To keep that trend going by the benchmark we set, this is what the Labour-

Alliance Government will have to achieve:
 2000 5.6%
 2001 5.1%
 2002 4.7%

My third challenge is to match the social gains for those who face disadvantage.
The Government says it is closing the gaps. It is setting up committees. But National delivered results. National worked to get Maori into work:

Maori unemployment was 25.6% in September 1991. By December 1999 it was 14.5% in December 1999. That’s still too high but great progress, but it is 43% down.
Pacific Island unemployment was 30.6% in 1991. By 1999 it was 12.2%. That’s a wonderful reduction. I challenge the new Government to match it.

My fourth challenge is to reflect carefully before rushing into repealing the ECA.

The results I have mentioned were achieved since its introduction. Every region in New Zealand has had reduced unemployment during this period.
The number of long-term unemployed, 26 weeks and over, has dropped since 1991 from 82,300 to 41,700 today.

These are huge social gains for many New Zealanders. This has been a remarkable closing of gaps.

I have no confidence this Government will achieve any gains or meet these challenges. National predicts reversals with the anti-business approach of the Labour-Alliance Government, and a stall in investor confidence.
My fifth challenge is to see sense on ACC.

The Minority Government is determined to return ACC to a State monopoly – there is still no explanation as to why? There’s no good reason, but hundreds of submissions against the move.

National’s new system delivered real benefits – namely reduced accident rates and far lower premiums. Good employers and employees are being rewarded for good performance. Poor employers are facing the penalties. There’s far greater incentives improve workplace safety to benefit of all.

ACC has become far more efficient because competition exposed slack practices and they had to match private sector.

Indeed, the Government’s own company, @Work, has reported dramatic improvements in workers’ safety. Surely the Government must take notice of that.
The Government can’t claim premiums will stay down if ACC is returned to monopoly. As premiums will rise, slack attitudes return. The repeal of work capacity testing will send totally wrong messages to workers. Good employers will have to carry bad employers.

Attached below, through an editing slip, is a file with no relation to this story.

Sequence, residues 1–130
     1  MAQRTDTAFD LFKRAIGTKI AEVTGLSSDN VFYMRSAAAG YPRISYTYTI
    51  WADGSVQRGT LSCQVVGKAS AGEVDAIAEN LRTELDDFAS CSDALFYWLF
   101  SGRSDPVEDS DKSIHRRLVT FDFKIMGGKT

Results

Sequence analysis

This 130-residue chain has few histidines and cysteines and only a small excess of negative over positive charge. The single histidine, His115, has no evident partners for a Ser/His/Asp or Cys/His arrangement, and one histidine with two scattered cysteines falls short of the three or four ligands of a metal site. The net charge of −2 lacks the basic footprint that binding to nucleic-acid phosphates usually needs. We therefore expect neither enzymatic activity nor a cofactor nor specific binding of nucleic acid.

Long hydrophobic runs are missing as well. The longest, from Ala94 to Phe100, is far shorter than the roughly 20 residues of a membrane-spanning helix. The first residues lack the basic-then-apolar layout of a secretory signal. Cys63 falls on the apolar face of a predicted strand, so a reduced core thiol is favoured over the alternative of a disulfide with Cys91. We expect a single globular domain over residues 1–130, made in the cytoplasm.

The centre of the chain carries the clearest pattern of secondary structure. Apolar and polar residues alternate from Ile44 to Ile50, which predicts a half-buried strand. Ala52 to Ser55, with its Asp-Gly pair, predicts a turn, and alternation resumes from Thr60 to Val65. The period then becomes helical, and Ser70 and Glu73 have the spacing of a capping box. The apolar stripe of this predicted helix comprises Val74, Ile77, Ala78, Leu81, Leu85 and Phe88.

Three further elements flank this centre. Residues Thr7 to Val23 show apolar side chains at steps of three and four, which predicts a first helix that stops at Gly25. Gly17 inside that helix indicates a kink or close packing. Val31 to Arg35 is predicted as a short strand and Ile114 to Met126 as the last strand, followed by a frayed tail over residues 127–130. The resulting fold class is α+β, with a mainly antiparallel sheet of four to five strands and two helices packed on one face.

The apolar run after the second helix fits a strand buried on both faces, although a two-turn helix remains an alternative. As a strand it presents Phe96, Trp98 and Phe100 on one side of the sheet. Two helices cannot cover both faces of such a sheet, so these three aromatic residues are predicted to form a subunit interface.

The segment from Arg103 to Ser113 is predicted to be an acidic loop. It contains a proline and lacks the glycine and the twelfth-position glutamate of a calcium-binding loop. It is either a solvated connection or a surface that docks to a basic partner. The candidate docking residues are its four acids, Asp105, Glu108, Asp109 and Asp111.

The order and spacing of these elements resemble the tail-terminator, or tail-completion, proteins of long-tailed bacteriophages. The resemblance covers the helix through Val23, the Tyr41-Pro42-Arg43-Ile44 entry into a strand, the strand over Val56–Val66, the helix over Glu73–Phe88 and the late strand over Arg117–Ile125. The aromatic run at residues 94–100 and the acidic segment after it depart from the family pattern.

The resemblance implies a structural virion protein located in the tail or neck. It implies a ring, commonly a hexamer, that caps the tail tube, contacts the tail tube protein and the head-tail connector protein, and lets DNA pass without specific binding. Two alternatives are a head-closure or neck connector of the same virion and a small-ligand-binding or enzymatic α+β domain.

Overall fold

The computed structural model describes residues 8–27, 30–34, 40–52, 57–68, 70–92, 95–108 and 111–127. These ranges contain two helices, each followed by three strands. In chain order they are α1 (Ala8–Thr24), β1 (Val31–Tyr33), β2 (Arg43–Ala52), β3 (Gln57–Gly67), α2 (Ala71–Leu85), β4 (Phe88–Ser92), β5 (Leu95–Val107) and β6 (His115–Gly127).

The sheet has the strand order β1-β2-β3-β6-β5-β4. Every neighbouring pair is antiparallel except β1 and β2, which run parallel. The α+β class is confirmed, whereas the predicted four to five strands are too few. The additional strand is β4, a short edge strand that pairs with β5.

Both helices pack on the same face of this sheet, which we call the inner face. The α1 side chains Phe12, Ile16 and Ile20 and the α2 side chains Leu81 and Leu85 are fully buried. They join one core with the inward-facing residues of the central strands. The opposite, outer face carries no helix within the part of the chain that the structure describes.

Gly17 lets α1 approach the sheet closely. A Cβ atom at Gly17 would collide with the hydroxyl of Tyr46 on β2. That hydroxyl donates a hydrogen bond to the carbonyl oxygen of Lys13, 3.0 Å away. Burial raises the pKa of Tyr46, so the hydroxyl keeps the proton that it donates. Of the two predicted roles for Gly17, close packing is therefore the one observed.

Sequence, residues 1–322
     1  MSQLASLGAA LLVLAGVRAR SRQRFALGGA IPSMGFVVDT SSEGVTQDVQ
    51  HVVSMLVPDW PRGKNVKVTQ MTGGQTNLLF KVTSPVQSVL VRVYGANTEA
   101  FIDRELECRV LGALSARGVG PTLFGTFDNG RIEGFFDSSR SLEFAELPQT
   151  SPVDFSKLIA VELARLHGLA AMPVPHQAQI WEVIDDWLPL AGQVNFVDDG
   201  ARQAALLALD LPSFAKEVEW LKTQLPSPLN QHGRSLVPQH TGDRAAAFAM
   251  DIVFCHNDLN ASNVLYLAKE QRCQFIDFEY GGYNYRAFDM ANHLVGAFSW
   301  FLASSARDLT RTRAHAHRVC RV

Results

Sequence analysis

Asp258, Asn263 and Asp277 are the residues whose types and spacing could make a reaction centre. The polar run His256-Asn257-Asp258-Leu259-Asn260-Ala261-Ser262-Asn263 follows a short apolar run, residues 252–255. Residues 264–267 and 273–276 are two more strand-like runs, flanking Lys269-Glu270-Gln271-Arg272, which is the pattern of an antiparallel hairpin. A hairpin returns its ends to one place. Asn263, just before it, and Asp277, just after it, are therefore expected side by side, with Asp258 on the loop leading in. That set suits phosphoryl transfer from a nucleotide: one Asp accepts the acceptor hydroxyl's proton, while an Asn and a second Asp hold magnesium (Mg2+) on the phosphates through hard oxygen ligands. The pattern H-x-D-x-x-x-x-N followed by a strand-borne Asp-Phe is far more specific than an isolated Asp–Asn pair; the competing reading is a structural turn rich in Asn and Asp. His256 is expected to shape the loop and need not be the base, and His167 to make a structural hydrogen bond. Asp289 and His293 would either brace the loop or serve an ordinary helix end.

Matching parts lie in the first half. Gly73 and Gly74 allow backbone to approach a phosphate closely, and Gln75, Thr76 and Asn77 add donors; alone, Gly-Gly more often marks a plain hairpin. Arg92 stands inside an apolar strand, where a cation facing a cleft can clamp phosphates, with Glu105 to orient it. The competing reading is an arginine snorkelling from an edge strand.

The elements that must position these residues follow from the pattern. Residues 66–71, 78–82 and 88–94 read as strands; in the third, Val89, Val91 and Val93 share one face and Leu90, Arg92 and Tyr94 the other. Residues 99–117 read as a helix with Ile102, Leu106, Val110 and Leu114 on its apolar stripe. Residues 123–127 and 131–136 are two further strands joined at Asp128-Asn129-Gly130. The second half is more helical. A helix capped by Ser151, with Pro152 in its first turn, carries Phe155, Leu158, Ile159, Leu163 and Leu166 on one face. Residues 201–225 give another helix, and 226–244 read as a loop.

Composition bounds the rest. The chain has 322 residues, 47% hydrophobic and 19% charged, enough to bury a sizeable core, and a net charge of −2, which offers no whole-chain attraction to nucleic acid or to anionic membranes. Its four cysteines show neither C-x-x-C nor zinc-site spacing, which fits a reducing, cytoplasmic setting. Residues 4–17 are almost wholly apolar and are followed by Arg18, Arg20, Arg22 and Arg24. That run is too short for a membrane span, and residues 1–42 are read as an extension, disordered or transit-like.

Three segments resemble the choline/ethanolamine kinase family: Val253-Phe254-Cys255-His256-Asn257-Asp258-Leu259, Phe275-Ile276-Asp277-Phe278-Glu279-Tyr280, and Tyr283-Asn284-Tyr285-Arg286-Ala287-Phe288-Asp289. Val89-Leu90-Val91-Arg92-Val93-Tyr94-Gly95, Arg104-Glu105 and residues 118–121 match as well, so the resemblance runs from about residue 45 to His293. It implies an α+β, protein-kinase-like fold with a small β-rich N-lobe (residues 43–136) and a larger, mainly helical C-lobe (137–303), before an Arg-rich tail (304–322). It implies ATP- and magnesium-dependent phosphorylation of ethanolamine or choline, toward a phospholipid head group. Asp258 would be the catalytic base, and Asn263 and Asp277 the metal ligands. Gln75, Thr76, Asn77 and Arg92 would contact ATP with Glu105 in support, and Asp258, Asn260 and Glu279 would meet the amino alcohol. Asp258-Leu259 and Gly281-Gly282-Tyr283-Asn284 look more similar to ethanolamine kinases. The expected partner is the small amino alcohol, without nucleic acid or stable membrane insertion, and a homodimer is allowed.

Why do it? It ain’t broke – why fix it?

The Presbyterian church has reported a saving of $347,600. Does the Government know how hard it is to raise $347,000 for a church?

Similar savings have been made by the Salvation Army, Women’s Refuge, Richmond Fellowship – outstanding organisations serving New Zealand.

I challenge Government Members of Parliament to explain to their constituents why they will have to say goodbye to the savings they have made.

The Prime Minister and Judith Tizard, “Minister for Auckland,” must explain why they would reverse the 50 percent savings made by both Auckland City and Regional Council.

Rick Barker must explain reversing the Hastings District Council 70 percent savings, and Hawkes Bay Regional Council 53 percent.

Harry Duynhoven must explain the New Plymouth District Council’s savings.

In Wellington, Annette King and Marian Hobbs, what do you say to the Wellington City Council’s $500,000, or 40 percent, on ACC costs?

How do Trevor Mallard and Paul Swain explain why they would reverse the Hutt City Council’s savings of least $90,000.

How do Christchurch members such as Lianne Dalziel, Tim Barnett, Ruth Dyson, John Wright and Jim Anderton explain doing away with the Christchurch City Council’s $1,000,000 savings on ACC.

Tell us the benefits of what you’re doing, or don’t do it. I will give you notice – we’ll fight this.

The Government should also expect strong opposition and major campaigns on the ECA; the denial of funding choice for schools; any change in direction that will damage New Zealand’s trade; the removal of the work capacity test from the community wage; the downgrading of our capability in our defence forces; changes to health sector that will add cost and bureaucracy without increasing health services for New Zealanders.

We intend to win the arguments and where possible the votes.

Expect National to support and propose good ideas that will make differences for New Zealanders and our future.